Capsaicin is the chemical that gives your mouth the burning feeling after you eat spicy food. Too much capsaicin intake can cause discomfort along your digestive tract, including your mouth and stomach. What other foods can you eat to neutralize the heat if you have eaten something too spicy for your body to handle?
Here are 11 of the best foods you can eat after eating spicy food:
- Peanut butter
- Acidic drinks
- Ice cream
- Acidic fruits
- Chewing gum
Let’s explore how these foods and beverages can help you cool down after eating something extra spicy so you can have them next time the burn catches you off guard.
Milk is top on the list of the best things you can eat after consuming spice. This is because casein, a chemical compound found in milk, is really good at counteracting the capsaicin compounds found in chili peppers.
Casein is found in dairy products. While you can find casein in other milk-like substances like baby formula, cow’s milk has the highest casein count at around 80%. So if you’re wondering what kind of dairy is best for spicy food, opt for cow’s milk before anything else.
Milk is effective because it targets the spice in your mouth. When you drink milk, casein acts as a detergent and washes away capsaicin molecules as it goes down your digestive tract. What’s the science behind this?
Firstly, casein will bind to capsaicin because they are both hydrophobic — they repel water but can get close to each other. Secondly, casein is a fat-loving molecule that can break down the fatty elements in capsaicin. Hence, it can get close to and literally “dissolve” the heat in your mouth.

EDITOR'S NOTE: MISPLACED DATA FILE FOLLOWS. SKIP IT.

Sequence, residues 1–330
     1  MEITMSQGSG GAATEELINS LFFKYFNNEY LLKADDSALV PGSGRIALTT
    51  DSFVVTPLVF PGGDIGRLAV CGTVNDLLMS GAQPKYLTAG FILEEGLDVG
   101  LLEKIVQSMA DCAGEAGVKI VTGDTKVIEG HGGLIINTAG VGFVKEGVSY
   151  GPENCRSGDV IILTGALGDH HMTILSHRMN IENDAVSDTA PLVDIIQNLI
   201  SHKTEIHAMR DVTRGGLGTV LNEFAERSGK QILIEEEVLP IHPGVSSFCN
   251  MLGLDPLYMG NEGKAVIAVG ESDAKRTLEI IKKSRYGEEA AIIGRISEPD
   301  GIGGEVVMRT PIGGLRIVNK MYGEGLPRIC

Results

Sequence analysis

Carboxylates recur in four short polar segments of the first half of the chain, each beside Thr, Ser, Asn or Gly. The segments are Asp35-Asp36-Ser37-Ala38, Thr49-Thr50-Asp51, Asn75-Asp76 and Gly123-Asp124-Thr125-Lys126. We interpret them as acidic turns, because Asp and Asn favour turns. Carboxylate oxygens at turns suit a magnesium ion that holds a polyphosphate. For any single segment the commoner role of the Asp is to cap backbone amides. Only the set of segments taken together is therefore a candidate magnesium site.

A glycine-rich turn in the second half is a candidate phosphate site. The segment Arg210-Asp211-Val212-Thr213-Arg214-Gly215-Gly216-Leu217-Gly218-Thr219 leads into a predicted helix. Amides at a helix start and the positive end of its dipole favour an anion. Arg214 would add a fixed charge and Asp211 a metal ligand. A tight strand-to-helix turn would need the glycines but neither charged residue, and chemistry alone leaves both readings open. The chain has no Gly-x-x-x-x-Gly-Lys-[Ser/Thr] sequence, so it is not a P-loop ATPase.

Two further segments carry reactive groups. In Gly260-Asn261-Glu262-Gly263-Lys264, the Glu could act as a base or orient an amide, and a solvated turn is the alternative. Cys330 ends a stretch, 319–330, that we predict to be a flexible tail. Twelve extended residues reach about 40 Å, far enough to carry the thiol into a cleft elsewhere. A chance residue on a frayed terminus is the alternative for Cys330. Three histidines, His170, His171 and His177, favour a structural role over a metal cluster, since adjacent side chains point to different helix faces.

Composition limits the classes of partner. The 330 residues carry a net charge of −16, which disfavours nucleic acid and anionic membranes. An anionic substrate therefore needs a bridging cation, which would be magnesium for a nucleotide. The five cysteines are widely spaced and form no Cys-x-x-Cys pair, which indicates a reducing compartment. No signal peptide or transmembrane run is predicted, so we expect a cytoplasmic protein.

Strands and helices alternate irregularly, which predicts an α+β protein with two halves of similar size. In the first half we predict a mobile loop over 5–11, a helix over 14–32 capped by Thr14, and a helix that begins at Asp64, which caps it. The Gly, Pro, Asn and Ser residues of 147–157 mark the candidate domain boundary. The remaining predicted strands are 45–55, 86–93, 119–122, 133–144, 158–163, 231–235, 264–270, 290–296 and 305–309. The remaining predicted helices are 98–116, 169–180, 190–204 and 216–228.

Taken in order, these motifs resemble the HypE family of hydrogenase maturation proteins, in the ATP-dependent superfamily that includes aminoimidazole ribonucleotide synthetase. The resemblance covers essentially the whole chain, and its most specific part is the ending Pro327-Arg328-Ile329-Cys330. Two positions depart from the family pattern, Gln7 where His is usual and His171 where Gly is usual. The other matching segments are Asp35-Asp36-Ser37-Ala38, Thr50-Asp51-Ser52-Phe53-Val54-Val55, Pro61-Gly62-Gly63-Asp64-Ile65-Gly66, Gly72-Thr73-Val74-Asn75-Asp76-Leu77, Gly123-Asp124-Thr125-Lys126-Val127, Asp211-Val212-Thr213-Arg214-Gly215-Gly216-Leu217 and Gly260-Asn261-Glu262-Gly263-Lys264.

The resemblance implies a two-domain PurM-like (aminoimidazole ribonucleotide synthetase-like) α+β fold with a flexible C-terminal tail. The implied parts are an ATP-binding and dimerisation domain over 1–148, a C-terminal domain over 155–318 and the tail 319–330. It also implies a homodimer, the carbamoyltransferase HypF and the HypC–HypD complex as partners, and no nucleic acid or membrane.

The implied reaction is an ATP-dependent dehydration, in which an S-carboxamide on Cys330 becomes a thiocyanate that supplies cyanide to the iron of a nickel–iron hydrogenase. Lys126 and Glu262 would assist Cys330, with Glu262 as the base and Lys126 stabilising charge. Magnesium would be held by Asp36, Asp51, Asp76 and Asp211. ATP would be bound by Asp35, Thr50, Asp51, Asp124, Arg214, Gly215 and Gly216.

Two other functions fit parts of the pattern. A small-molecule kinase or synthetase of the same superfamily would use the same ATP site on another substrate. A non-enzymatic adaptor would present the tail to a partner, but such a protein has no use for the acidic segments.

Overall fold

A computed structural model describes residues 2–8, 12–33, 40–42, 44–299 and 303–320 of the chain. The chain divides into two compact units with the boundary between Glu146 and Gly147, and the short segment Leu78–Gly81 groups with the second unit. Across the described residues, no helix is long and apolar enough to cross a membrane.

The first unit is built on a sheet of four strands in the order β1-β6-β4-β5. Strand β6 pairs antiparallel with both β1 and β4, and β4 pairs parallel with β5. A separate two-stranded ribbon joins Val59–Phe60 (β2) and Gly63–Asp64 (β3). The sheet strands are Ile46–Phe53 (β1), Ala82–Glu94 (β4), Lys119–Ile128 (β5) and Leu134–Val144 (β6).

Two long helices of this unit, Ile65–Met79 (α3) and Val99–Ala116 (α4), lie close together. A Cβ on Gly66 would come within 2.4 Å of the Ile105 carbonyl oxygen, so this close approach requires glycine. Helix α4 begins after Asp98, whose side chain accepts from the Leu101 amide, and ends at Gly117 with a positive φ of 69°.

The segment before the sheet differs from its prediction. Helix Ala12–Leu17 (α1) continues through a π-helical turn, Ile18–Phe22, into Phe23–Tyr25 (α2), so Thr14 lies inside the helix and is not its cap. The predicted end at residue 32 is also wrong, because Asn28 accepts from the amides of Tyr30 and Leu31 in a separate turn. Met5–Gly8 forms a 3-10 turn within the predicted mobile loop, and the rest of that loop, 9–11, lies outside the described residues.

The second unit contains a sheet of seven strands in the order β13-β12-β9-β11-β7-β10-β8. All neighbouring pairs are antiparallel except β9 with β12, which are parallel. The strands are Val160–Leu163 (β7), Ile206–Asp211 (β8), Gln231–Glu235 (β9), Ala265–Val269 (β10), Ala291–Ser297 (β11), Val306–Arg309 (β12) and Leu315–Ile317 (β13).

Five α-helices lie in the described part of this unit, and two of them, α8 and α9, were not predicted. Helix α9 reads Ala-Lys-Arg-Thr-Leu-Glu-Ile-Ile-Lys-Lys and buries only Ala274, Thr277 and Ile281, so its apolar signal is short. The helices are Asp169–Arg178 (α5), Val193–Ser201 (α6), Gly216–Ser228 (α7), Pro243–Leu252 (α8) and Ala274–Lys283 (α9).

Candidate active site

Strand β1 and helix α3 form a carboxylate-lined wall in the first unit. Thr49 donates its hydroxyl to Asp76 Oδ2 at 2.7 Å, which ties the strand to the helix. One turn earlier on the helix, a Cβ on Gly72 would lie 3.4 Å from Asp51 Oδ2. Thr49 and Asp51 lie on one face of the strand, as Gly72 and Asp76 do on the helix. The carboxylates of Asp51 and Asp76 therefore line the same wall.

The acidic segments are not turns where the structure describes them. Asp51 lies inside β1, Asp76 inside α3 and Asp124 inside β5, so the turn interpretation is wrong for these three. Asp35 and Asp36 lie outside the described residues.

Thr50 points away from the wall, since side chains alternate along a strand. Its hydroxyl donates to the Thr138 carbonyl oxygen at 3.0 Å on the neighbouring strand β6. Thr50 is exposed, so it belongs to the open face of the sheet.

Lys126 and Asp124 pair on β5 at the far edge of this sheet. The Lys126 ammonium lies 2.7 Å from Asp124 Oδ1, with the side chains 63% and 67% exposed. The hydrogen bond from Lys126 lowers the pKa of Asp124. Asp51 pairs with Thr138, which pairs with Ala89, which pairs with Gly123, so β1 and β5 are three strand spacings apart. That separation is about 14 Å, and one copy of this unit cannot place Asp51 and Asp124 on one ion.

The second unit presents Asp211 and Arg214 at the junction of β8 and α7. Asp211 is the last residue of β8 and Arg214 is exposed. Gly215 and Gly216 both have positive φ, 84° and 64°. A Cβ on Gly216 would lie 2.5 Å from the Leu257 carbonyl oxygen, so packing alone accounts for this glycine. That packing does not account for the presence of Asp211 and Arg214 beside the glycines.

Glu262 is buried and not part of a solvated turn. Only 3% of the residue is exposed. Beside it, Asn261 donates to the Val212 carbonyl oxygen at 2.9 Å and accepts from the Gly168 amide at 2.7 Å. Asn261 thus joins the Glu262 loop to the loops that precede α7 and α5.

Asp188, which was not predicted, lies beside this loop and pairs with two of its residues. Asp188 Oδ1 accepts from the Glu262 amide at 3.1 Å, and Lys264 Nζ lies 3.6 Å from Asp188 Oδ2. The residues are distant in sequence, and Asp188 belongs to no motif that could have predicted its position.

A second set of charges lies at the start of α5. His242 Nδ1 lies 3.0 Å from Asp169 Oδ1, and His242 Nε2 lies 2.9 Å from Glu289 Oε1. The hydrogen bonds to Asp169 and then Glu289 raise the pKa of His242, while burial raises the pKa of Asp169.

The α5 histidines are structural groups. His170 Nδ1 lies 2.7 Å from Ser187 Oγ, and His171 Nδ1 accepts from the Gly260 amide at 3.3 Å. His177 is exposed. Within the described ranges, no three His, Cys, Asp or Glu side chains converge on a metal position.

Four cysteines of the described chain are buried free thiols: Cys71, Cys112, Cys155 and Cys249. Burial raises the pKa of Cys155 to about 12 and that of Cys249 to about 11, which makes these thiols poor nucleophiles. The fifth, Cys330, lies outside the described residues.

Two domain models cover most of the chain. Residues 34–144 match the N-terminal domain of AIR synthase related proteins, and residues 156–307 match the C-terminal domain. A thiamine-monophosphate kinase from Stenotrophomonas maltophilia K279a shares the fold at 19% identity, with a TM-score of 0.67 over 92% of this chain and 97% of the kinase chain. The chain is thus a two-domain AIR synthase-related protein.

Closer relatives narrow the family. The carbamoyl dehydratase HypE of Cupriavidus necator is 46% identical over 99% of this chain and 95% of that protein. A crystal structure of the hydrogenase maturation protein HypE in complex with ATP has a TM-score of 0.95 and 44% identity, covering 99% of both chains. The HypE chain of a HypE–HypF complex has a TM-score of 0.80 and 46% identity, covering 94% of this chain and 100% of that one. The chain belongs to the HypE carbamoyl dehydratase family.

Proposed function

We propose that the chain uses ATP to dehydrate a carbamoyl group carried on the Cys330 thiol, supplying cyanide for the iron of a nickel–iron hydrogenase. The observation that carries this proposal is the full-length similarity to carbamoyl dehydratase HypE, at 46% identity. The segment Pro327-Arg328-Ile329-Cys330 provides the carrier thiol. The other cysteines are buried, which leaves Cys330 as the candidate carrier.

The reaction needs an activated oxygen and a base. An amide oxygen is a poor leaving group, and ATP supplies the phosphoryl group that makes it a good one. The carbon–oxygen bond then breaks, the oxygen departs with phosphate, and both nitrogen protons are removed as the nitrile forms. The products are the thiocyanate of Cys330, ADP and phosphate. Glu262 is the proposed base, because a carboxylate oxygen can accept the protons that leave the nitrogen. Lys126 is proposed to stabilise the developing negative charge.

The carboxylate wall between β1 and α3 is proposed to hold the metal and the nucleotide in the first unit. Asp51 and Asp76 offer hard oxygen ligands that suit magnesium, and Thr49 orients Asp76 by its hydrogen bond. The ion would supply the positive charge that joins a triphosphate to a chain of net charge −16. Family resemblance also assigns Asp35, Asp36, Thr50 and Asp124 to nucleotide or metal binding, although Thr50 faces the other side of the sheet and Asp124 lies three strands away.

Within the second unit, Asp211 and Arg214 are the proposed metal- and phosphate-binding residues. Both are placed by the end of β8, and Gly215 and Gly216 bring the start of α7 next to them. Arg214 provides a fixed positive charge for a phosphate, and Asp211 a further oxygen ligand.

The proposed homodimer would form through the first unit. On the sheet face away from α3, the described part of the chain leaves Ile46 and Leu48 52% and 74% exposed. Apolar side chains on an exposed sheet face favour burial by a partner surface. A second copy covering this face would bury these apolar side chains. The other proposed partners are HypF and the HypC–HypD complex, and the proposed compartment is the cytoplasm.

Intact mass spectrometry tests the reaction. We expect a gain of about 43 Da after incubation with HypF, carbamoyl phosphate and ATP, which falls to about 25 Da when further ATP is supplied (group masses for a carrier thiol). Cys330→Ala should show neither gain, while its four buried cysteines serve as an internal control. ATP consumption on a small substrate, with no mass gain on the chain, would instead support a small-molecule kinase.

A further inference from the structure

Not every type of milk will be effective at cooling you down. Plant-based beverages like oat milk or almond milk don’t contain casein and will not help much against the burn. If you’re lactose intolerant and want to steer clear of dairy altogether, you can consider other spice-busting options.
2. Peanut Butter
A peanut butter sandwich is comfort food for most of us; filling, delicious, and surprisingly good at soothing your heated mouth.
Peanut butter sports a high percentage of oil and fat. The fatty molecules in the spread bind to capsaicin and break it down, similar to casein in milk.
It’s not just peanut butter — any nut butter will work, too. Although peanuts have high fat content, other nuts like almonds, cashew, and macadamia are fatty enough to tame the spice. The fats in nuts are health-promoting, so you don’t have to worry about being unhealthy.
Whip up some peanut butter sandwiches the next time you eat something too spicy. The combination of oil, fat, and starch from the bread will help soak up the spice.
Some online recipes advocate using a dollop of nut butter with meals if you want to reduce the spice in your food. This can add both texture and flavor to the dish.
3. Acidic Drinks
Acidic drinks like lemonade, orange juice, and fizzy drinks are not just refreshing, but they also work to put out the fire in your mouth.
Funnily enough, even though capsaicin irritates your taste buds by setting it on fire, it isn’t an acidic compound. Capsaicin molecules are alkaline, so drinking a liquid on the opposite end of the pH scale will help cancel it out.
Another plus with drinking acidic drinks is that these kinds of beverages are often manufactured with a lot of sugar. A big gulp of a sugary drink can overwhelm the spiciness in your mouth and dissipate the heat quickly.
However, sweet drinks have some drawbacks as magic potions. Because they have high water content, fruit juices and sodas can spread the spice around your mouth instead of washing it down. Additionally, if your drink is carbonated, the bubbles can irritate your taste buds further, so proceed with caution.
Ever find yourself reaching for more flatbread when you eat curry? Doughy, starchy foods like bread can help soak up the heat of spicy food.
Starch is the star here. As you chew, starchy foods break down in your mouth, forming a barrier between capsaicin and the pain receptors in your mouth. Bread can also pull oil from around your mouth, so it works well with getting rid of oil from fattier dishes.
The starch soaks up capsaicin, working like a sponge to remove the spice. In this case, bread and other carbs work a bit differently from other foods because they don’t break down capsaicin molecules. The spice is absorbed into the starch and taken away instead.